In 1958, the Electricity Trust of South Australia sent a Senior Project Engineer, Mr. Phil Williams, to the U.K. on a 2-year mission to study the operation of the Calder Hall Nuclear Power Station, and to report upon the feasibilty of constructing such a facility in South Australia.

He found that design improvements at Calder Hall had improved operational efficiency, so that it was competitive with existing black-coal fuelled thermal power stations. However, these improvements, e.g. in heat exchanger design, were equally effective when incorporated in new conventional power stations. There was only a marginal benefit at that time in abandoning the German-designed lignite-fuelled power stations, which were being built at Port Augusta to use the Leigh Creek brown coal reserves.

Now, however, the newer designs of nuclear power stations operate at much higher temperatures than conventional fossil-fuelled power stations, and so are significantly more efficient. If, of course, we include the feasibility and expense of storing wastes, e.g. carbon dioxide vs nuclear wastes, then there is a clear benefit in replacing fossil-fuelled power stations by thermo-nuclear power stations.  While no one has yet demonstrated a viable system for carbon capture and storage, and so claimed the Richard Branson prize, the Generation IV nuclear reactors produce a trivial amount of low-activity radioactive waste which can be buried at the mine site.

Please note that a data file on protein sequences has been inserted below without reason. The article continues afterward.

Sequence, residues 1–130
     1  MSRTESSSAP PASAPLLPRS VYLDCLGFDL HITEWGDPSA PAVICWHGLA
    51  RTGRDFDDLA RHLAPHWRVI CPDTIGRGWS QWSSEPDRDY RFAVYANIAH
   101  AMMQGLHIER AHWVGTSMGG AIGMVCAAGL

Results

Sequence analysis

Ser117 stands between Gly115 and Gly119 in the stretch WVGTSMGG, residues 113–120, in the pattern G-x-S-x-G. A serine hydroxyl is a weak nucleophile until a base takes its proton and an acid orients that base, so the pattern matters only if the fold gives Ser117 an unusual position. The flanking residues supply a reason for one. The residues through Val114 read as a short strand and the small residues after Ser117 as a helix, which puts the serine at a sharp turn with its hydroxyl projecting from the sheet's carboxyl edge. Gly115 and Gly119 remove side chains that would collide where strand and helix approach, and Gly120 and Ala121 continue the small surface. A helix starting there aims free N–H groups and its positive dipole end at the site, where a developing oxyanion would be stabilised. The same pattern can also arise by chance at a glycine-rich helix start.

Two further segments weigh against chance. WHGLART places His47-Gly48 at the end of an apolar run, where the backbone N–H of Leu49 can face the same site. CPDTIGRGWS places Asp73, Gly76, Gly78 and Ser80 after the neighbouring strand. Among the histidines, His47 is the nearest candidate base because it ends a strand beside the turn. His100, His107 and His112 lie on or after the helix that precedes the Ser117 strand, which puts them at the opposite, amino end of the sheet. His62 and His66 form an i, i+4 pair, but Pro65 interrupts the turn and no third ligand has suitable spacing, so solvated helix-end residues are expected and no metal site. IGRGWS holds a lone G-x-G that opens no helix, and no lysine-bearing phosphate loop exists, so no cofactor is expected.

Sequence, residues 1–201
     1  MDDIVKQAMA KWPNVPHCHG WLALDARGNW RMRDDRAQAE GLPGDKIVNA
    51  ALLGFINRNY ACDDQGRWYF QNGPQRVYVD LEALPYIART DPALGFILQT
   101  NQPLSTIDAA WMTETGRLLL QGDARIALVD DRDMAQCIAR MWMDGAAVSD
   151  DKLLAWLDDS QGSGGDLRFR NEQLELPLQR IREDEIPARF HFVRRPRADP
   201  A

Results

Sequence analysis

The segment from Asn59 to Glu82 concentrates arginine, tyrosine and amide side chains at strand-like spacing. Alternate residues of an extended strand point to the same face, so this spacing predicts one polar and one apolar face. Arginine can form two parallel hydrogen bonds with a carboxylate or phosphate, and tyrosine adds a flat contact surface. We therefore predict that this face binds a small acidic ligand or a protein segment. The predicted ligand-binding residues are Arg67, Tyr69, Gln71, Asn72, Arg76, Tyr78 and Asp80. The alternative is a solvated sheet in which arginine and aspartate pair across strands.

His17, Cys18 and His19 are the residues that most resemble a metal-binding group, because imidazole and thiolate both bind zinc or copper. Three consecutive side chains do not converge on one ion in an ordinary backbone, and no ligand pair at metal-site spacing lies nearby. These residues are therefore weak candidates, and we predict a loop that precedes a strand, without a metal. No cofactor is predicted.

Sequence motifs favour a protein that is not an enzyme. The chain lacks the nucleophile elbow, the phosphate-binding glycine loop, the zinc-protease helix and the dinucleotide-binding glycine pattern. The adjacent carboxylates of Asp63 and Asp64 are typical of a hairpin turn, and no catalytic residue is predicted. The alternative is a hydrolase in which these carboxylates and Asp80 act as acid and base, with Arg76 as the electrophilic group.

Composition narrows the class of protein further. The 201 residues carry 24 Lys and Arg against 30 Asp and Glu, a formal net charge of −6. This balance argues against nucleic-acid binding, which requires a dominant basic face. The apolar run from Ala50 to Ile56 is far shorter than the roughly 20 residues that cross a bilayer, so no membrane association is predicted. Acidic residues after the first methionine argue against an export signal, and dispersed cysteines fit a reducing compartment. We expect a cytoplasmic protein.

While I have no resources to carry out a comprehensive comparative study of the whole-of-life costs of the many competing energy generation technologies, this has already been accomplished by reliable independent scientists, such as Professor Barry Brook of the University of Tasmania, and Professor Corey Bradshaw of the University of Adelaide. Their work has been extensively peer-reviewed and is authentic.